The battle for real estate on small wrists is no longer limited to the age-old tussle between analogue and digital timepieces. Smartwatches are rapidly closing the gap in this race. Industry visionaries are now looking to Generation Alpha (those born in 2010 and after), hoping they will outgrow the allure of wearables and develop an appetite for sophisticated horology. Can traditional watchmakers still win mindshare during their formative years?

Take Amandine, for example. Like most six-year-olds in developed countries, she learned to read the time on an analogue clock at school. Around the same time, her father gave her a white Flik Flak with pink skulls. She loved it for its colours and patterns. However, she was also enamoured with a VTech smartwatch she received as a gift from a school friend. “It was so cool to have a watch with a screen, camera, games, etc.,” she recalls.

Unlike her peers, Amandine was soon introduced to fine watches and fell for the charm of luxury brand Bulgari, particularly their iconic Serpenti Tubogas design, which has been coiling around wrists like a snake since the 1960s. Amandine is an anomaly. She owes her early affinity for sophisticated timepieces to her father, a veteran of the industry’s media for over two decades.

Parental perceptions

Beyond Amandine’s evolving tastes lies a common thread in how children initially perceive and engage with watches. Much like Amandine, they view watches as fancy accessories and fun toys with games that embrace their favourite colours or characters. Adults, of course, have different ideas. In a global survey, we approached dozens of parents from Tokyo to Los Angeles whose children had already been given their first watch. The resounding majority said the primary purpose was for “reading the time”.

Traditional analogue watches have an inherent advantage when it comes to learning to tell the time. Professor Christoph Hoerl from the University of Warwick, whose research on temporal cognition spans over two decades, including co-authored papers concerning children, highlights a universal use of spatial metaphors to express how we experience time despite cultural differences. “The sweep of an analogue clock uses space to represent time, so it is arguably more in tune with humans’ intuitive thinking about time than a representation that just uses numbers,” he explains.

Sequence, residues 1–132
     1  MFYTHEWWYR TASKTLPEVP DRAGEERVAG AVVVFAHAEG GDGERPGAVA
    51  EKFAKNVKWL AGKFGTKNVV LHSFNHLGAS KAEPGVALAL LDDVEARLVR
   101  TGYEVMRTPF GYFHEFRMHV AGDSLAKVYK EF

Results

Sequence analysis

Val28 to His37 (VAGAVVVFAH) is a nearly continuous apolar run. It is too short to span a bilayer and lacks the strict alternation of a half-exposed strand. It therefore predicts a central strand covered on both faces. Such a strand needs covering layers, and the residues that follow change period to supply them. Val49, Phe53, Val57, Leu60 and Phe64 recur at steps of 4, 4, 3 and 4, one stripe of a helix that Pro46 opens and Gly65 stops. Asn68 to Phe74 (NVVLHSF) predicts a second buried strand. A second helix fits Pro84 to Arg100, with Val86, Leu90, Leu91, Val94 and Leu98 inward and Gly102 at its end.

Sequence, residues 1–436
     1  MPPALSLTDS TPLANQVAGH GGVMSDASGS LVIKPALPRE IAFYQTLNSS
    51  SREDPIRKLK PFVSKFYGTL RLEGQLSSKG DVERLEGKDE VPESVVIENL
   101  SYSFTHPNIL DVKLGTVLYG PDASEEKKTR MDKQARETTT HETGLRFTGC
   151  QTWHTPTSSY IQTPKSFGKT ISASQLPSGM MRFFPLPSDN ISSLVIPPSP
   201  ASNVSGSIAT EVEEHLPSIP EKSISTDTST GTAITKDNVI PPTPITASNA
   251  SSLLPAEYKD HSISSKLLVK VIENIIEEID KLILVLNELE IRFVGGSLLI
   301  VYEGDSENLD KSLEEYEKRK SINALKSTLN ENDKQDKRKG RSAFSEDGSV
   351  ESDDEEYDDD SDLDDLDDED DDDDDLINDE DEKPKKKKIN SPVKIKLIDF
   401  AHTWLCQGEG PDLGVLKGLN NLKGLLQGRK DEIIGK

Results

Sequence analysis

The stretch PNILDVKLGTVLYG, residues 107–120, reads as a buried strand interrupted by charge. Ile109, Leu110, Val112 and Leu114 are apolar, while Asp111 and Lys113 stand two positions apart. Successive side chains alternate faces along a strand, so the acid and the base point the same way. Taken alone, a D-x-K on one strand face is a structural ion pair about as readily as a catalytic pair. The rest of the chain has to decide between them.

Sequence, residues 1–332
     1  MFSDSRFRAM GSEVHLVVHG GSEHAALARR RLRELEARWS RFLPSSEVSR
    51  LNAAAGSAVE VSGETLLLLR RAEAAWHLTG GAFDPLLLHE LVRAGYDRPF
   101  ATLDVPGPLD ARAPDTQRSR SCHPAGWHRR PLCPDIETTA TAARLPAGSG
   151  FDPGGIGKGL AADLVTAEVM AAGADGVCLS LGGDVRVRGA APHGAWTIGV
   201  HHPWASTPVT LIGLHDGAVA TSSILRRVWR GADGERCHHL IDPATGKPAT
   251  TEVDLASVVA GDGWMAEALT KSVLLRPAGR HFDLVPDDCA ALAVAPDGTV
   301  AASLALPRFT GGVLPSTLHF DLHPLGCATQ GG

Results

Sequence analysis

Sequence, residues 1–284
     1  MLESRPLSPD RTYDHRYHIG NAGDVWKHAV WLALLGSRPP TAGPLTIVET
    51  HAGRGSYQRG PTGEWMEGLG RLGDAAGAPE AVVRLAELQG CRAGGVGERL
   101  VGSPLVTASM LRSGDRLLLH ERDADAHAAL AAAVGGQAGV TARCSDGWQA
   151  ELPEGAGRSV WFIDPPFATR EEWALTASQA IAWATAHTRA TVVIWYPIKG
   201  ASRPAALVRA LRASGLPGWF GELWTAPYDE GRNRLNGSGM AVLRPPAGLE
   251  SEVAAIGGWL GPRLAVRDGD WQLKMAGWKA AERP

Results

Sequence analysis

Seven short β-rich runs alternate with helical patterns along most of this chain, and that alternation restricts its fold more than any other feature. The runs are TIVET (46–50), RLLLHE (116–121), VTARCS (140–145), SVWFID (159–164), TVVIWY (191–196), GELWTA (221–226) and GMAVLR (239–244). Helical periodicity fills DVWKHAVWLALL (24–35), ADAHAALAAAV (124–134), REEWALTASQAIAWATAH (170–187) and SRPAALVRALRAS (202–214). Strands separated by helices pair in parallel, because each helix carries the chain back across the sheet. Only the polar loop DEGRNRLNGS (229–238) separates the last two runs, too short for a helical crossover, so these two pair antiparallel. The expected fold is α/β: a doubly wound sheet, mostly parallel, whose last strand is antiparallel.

Watchmakers hold their ground

For decades, traditional watchmakers have honed their narrative with products created to inspire young minds. Whether it be Flik Flak from Switzerland’s Swatch Group, Calypso from Spain’s Festina Group, Timex representing the United States, or Japan’s Citizen brand with its Q&Q range, established industry names across the globe have recognised the imperative of catering to the junior market. In more recent years, start-ups such as Blok or UCS’s Superkids line from Switzerland and Parchie from the US have also entered this space.

Notably, learning analogue skills has remained a vital part of children’s cognitive development. And despite modern society’s obsession with digital, the vast majority of our parent group still deem it essential for their children to acquire the ability to interpret analogue time.

When it comes to this educational approach, one brand stands as a paragon: Flik Flak. The Swatch Group subsidiary has cultivated an enviable brand equity over the years, building an entire universe around its watches – replete with stories, books, and apps. Over half of the parents in our sample group, whose children own analogue timepieces, identified Swatch or Flik Flak as their offspring’s first watch.

Launched in 1987 by the Swatch Group-owned ETA manufacturer, it was the first watch brand to offer designs exclusively tailored to teach children how to tell the time with a sense of playfulness. Targeting ages 3 to 10, the brand occupies a premium position in the market, with prices ranging from 40 to 65 Swiss francs – a testament to its build quality and tried-and-true child development concept.

The need to nurture time-reading skills has not gone unnoticed by top executives in the watch industry. Mrs Manon Colombies, General Director of The Festina Group, which owns Calypso, experienced a personal struggle when her son could not tell time at the age of 8. “This made me realise the importance of helping children around the world to learn how to read the time,” she reflects.

Since the debut of its children’s line in 1996, Calypso has positioned its products as “real watches” rather than toys. Today, Calypso boasts annual sales of 650,000 units, including five Junior collections that cater to age groups between 3 and 12. With prices ranging from 29 to 59 euros, these watches serve as both attractive accessories and educational tools for young minds.

The elusive concept of time

In the junior market, where colour, character, and cognitive play are the golden rules, the landscape is no longer as predictable as it once was. The advent of connected technologies over the past decade has disrupted the dynamics. In our survey, half of the Generation Alpha children aged 12 or below, displayed a lack of interest in wearing a watch. This indifference is particularly pronounced among tweens, those in the upper end of this generation’s age bracket. At such a young age, the abstract concept of time can be difficult to grasp. As Professor Hoerl points out, “Even at the age of 12, children’s idea of time is still not fully formed,” casting doubt on the effectiveness of traditional approaches to piquing children’s interest in watches.

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